Explore these internship and summer research opportunities.
The Fred Hutchinson Cancer Research Center has compiled a catalog of biomedical research opportunities offered nationwide for high school, undergraduate, post-baccalaureate, graduate, and first year medical students. Be sure to check the catalog regularly, as it is frequently updated with new opportunities.
The Research Experiences for Undergraduates (REU) program supports active research participation by undergraduate students in any of the areas of research funded by the National Science Foundation. REU projects involve students in meaningful ways in ongoing research programs or in research projects specifically designed for the REU program.
There are research opportunities available year round at the UW and surrounding research locations. The Undergraduate Research Program (URP) database includes several hundred of these undergraduate research opportunities. Be sure to check the database periodically, as new opportunities are continually added.
Clean Energy Bridge to Research (CEBR) is a summer research program from the Clean Energy Institute (CEI) at the University of Washington (UW). The program is funded by the National Science Foundation and UW’s Undergraduate Research Program partners with CEI to run the program. CEBR supports a select group of undergraduates and community or tribal college students and teachers to participate in authentic research in solar, energy storage, and grid technologies under the mentorship of UW’s world-class faculty and grad students.
The University of Washington is home to a new national center of excellence for research, education and training in materials science. The Molecular Engineering Materials Center is funded by a $15.6 million, six-year grant from the National Science Foundation. Daniel Gamelin (pictured below), UW professor of chemistry is director of the Molecular Engineering Materials Center.
MEM·C now offers an Academic-Year Research Accelerator for Undergraduates program (AYRA REU). If selected, students will be embedded in one of the MEM·C labs for the academic year. They will work with graduate students and faculty to develop a research project, gain training in relevant techniques and instrumentation, collect data, write-up your results and craft presentations. Students participate in seminars on undergraduate research and professional development, and are also included in MEMC IRG meetings and seminars.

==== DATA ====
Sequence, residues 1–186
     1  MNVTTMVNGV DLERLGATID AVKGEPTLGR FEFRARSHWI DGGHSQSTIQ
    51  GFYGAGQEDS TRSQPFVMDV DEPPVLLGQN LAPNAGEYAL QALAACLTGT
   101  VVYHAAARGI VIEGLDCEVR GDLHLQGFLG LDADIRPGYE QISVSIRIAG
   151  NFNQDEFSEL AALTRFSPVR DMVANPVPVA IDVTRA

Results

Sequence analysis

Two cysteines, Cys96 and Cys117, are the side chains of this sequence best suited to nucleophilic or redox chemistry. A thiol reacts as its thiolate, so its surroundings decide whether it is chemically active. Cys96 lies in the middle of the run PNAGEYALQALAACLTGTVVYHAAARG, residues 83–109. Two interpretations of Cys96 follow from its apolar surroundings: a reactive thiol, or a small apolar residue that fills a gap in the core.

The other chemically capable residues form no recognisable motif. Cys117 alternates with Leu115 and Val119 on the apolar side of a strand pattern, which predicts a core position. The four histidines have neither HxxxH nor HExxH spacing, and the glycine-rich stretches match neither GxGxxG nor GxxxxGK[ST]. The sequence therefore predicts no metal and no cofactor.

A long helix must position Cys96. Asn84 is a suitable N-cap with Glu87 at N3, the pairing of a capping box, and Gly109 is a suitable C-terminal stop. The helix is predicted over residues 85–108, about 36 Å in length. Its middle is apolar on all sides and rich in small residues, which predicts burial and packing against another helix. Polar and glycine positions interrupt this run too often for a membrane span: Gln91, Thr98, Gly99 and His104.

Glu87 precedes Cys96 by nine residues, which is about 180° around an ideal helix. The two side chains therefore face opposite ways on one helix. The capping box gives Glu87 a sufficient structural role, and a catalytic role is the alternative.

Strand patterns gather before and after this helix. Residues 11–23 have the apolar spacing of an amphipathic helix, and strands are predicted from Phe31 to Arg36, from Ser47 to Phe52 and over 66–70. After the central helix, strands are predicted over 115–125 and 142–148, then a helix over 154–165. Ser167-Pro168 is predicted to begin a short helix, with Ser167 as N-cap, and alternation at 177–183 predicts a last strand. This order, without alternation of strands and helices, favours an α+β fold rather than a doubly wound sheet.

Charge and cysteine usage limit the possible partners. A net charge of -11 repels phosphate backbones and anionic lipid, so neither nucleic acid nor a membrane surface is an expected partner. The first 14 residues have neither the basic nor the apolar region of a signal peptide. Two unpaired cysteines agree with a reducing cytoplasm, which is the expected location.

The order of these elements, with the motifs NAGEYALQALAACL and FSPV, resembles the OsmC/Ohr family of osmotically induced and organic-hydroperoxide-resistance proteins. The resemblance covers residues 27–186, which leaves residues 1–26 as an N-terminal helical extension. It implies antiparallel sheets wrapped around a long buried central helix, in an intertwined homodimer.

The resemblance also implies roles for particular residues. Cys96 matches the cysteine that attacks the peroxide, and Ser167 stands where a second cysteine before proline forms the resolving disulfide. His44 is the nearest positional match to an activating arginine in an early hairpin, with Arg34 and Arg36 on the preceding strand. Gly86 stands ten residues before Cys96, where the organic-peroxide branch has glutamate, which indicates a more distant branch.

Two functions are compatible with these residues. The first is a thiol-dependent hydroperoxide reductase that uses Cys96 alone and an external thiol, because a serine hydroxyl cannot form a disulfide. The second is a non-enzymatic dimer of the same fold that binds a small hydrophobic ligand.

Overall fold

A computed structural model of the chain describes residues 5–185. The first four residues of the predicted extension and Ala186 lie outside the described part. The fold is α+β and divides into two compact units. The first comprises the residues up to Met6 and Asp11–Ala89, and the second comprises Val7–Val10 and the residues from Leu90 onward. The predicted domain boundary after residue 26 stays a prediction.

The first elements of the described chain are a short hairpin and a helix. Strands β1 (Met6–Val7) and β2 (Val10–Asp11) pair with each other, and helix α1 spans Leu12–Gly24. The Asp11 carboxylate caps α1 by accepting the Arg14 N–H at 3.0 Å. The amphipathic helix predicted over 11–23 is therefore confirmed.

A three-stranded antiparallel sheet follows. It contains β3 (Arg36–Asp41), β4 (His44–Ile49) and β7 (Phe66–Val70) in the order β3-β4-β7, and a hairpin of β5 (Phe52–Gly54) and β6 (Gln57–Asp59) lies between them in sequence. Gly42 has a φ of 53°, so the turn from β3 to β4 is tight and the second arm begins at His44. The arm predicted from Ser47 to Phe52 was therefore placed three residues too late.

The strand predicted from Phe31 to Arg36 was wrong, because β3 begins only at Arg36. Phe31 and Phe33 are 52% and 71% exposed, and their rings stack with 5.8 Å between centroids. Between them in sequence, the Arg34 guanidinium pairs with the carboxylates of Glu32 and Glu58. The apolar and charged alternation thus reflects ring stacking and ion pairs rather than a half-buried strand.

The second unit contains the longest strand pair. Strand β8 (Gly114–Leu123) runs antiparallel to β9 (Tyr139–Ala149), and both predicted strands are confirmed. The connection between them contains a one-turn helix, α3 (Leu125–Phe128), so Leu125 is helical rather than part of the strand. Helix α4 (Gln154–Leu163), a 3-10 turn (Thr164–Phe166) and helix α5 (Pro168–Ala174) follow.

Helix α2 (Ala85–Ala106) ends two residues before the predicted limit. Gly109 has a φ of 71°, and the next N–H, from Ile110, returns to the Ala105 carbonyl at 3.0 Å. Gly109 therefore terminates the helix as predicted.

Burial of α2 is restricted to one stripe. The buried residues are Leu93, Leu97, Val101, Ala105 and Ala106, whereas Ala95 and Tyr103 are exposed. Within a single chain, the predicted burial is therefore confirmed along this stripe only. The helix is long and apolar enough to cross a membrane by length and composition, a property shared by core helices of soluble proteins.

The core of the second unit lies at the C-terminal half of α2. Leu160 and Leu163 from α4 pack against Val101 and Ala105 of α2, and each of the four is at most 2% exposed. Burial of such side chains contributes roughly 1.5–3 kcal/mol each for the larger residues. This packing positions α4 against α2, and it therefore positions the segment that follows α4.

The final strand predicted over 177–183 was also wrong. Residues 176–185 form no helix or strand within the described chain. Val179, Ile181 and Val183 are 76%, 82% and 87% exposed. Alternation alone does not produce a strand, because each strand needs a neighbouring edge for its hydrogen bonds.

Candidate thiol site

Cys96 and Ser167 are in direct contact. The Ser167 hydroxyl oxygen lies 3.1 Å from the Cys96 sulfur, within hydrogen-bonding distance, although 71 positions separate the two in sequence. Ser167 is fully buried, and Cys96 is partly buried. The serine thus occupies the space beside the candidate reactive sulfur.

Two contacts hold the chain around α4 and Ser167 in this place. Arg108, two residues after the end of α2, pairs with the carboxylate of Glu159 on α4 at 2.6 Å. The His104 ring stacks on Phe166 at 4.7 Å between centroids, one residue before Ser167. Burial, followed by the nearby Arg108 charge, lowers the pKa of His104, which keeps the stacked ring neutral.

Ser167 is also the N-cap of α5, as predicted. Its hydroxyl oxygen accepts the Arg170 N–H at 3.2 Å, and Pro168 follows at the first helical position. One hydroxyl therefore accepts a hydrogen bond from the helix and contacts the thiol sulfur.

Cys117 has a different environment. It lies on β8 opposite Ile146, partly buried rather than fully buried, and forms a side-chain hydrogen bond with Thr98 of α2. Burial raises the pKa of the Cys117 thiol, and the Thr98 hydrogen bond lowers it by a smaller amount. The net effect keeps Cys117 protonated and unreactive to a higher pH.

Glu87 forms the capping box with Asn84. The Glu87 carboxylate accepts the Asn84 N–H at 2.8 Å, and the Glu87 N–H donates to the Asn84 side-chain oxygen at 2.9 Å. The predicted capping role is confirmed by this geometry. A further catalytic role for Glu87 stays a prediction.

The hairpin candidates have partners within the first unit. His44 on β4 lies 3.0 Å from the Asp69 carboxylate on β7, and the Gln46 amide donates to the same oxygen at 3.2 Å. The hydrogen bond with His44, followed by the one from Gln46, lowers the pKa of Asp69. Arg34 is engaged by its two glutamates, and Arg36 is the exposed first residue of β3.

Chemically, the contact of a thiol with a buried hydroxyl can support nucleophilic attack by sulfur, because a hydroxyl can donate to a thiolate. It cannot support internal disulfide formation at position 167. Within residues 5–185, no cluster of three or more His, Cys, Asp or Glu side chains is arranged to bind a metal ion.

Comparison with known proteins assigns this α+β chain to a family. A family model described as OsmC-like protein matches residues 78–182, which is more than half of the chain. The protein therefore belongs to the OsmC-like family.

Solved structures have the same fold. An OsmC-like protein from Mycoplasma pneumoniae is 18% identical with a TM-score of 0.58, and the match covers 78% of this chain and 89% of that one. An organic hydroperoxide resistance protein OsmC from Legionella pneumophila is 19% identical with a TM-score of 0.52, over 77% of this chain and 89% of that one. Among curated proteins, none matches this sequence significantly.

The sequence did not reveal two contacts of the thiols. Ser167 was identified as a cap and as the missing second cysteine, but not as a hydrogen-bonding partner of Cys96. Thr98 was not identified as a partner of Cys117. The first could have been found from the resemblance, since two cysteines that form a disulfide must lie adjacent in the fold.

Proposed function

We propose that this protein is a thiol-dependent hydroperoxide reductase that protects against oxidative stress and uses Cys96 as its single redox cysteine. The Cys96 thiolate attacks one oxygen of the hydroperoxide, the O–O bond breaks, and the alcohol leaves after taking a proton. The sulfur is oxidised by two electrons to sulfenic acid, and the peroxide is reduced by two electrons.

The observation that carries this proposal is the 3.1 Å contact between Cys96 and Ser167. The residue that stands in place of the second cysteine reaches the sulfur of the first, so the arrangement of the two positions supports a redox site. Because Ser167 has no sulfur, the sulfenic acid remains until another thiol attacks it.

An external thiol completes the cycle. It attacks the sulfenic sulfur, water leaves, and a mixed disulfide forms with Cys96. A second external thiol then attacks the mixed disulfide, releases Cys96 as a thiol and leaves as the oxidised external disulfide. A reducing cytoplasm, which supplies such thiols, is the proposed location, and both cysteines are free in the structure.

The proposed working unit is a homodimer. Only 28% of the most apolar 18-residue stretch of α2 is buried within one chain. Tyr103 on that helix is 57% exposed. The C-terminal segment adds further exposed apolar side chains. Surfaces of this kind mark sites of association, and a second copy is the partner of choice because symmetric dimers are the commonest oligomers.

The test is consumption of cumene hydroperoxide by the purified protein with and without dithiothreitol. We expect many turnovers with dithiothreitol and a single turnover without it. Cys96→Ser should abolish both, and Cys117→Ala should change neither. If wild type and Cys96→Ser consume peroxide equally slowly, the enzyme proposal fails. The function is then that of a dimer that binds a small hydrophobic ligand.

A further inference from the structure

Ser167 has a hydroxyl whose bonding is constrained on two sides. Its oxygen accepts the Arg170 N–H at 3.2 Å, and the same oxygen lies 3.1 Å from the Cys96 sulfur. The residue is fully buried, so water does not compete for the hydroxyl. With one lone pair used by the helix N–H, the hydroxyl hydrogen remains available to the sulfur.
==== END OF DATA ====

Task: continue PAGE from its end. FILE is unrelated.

The goal of the Institute for Protein Design is to develop and apply methods for designing a whole new world of synthetic proteins. The Institute was established in 2012 to build upon strengths both within the University of Washington and in Seattle generally. Protein design requires high-level expertise in computing and software, biochemistry, genome sciences, biological structure, pharmacology, immunology and other basic science disciplines, as well as clinical medicine. The Institute for Protein Design was recently awarded $45 million in funding through TED's The Audacious Project. IPD Director, Professor David Baker, and Assistant Professor Neil King are pictured below.
CCHF is a network of 23 academic and industrial research laboratories at 15 partner institutions throughout the country. The goal of CCHF is to bring C–H functionalization into the mainstream of synthetic organic chemistry. The CCHF supports a Chemistry Summer Undergraduate Research Program (CSURP) that is a program for undergraduate students who are majoring in chemistry or chemical engineering who are interested in conducting supervised summer research.
Interns in this geographically-distributed REU program have the opportunity to participate in research using the Rosetta Commons software. The Rosetta Commons software suite includes algorithms for computational modeling and analysis of protein structures. It has enabled notable scientific advances in computational biology, including de novo protein design, enzyme design, ligand docking, and structure prediction of biological macromolecules and macromolecular complexes.
The Institute for Systems Biology is a nonprofit biomedical research organization based in Seattle. They sponsor a Summer Undergraduate Research Experiences Program to offer undergraduates a paid opportunity to experience research side by side with experts in systems biology.
The Summer Undergraduate Research Program (SURP) is an intensive, nine-week internship designed to provide research experience and mentorship for undergraduate students who are interested in biomedical research. Under the guidance of a faculty mentor, interns will complete an independent research project and present their findings at a competitive poster session.
The U.S. Department of Energy (DOE) Office of Science funds summer research internship for undergraduate (sophomore to senior) students in science, mathematics, engineering, technology, and science policy.
The Summer Undergraduate Research Opportunity in Pain Research was developed to expose undergraduate students to interdisciplinary research in pain to stimulate interest in future careers in pain research.
The CoMotion Mary Gates Innovation Scholars program funds full-time summer internships in faculty-led start-up initiatives. Selected scholars will contribute to the development of these companies, gaining experience in and exposure to various aspects of building a new product/business.
The STAR program is a 12 week summer program that places undergraduates into faculty-mentored laboratories for 480 hours of paid research.
The winery often has Winemaking internships available. Interns conduct basic wet chemistry and enzymatic analysis.